Sunday, June 6, 2010
I was awoken this morning at 3:30am sharp by a chorus of roosters screaming at us directly outside the open window above my head. It seems as though they were informed incorrectly of their duty to welcome the SUNRISE, which would not happen for another two and a half hours. Unfortunately, falling back asleep proved more difficult than when I laid down initially and I drifted in and out of consciousness until it was light enough to get up and get ready for the day. I dodged the roosters as I walked outside to the outhouse. There were several small brick structures outside the main building that served as our restrooms. Most of them had nothing more than a hole in the concrete floor, but there were actual toilets added to two of them in anticipation of our visit. These toilets technically “flushed,” but with no pipes or running water, they were limited to single use before adding more water from the containers outside. Either way, it was a vast improvement to the hole.
Before breakfast, we grabbed a football and played a dawn game of 3 on 3 in the dirt lot that made up the parking lot. It was a gorgeous morning with a sunrise that would challenge even my hometown of Phoenix with its beauty. We walked in and had a breakfast of poached eggs and toast along with what would prove to be a lifesaver on the trip…Starbucks VIA coffee.
Soon after breakfast, we climbed into our vehicles and headed to the church service. Again, we drove for probably 45 minutes to get there on amazingly bumpy dirt paths through the trees and bushes. We showed up as the men were outside performing a feet-washing ceremony and the women were inside the small church building. One thing that I will never forget about this trip is how well the Zambian people sing. Throughout the ceremony, they sang what sounded like old hymns in perfect harmony and pitch. A young man would start the song, then, as if rehearsed, the whole crowd would begin singing along in harmony. It was unbelievable. I have traveled the world as a performing musician for several years and have never heard or seen anything like this. They sang every verse to every song and when one song ended, they waited about five seconds before starting the next song.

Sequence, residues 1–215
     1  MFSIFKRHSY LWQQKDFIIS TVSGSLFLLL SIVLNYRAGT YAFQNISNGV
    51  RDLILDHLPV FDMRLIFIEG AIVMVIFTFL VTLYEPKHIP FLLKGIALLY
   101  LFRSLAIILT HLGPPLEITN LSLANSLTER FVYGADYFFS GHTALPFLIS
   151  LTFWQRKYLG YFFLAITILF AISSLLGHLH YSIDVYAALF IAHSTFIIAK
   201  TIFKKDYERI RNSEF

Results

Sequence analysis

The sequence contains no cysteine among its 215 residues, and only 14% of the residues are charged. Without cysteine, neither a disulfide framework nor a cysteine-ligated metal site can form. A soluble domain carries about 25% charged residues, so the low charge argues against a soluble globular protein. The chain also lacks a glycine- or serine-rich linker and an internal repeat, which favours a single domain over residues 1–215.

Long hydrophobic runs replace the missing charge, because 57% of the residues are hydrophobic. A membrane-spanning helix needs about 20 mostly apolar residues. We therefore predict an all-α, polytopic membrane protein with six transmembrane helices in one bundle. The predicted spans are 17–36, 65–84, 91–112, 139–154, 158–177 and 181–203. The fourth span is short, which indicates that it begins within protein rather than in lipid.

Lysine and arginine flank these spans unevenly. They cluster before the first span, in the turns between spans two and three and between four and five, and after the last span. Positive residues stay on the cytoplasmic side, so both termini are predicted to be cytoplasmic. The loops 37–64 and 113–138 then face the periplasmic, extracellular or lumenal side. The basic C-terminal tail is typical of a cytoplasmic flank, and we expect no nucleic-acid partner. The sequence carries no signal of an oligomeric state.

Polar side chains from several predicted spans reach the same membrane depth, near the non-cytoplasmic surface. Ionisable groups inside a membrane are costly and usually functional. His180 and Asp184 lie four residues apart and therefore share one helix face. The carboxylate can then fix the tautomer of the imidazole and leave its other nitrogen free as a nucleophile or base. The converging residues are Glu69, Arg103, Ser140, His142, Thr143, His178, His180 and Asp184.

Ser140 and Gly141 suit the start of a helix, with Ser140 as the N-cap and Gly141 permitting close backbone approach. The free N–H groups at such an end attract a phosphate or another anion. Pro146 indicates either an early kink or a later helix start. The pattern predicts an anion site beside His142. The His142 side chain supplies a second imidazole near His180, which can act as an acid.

After the ceremony, we all crammed into the church building. I would estimate about 200 people fit inside with many others looking through the windows. The windows had no glass and provided a small breeze that saved our foreign noses from the oppressive smell of a people who had never taken a bath or shower in their life. We sat through the service for about an hour that included singing more songs, announcements, announcements about the announcements, and a full-blown fire and brimstone sermon. After this portion of the day concluded, most of us lifetime churchgoers would be streaming for the doors and heading to the nearest lunch buffet. Not here. We were not done. Not by a long shot. We all moved outside to accommodate the growing number of people attending and began the next segment of the service. They began with more songs, then a song by the youth choir, a song by the women’s choir, two songs by yours truly, and finished with another full length sermon. The sermons were all quite significant in length, but were made even longer because they were being translated from Tongan to English and sometimes vice versa.
When the service ended, we headed back to our temporary home to eat and prepare for the afternoon activity…soccer with the kids. That’s exactly how it was phrased to me. So we head out to the enormous soccer field and start kicking the ball around with a few young kids. So far, so good. Then, about 8 men came out on to the field wearing no shoes and ratty clothes. We assumed that the few of us would play a friendly game against these guys and then call it a day. We couldn’t have been more wrong. Just then, we looked over and saw 12 high school boys with cleats and uniforms walking onto the field. It turned out the few men with no shoes were our teammates and we were playing against the high school soccer team. Awesome. We played for about five minutes before they scored their first goal. We figured out how to keep the ball away from them for the last ten minutes of the half and survived down only 1-0. I think they felt sorry for us because they wound up trading a couple of their players for our not so great players and we routed them 3-1. They were kind to the Americans when they could have easily destroyed us. Thank you Zambian high school futbol team.
We wrapped up an exhausting afternoon and headed in for dinner. To my surprise, dinner was the EXACT same thing we ate at lunch. I was starving, so I ate as much as I could. The compound had a generator that powered two light bulbs and one outlet in the main room for about an hour after dark. We talked over the events of the day, then I crawled into my mosquito netted bed and read until the lights went out.


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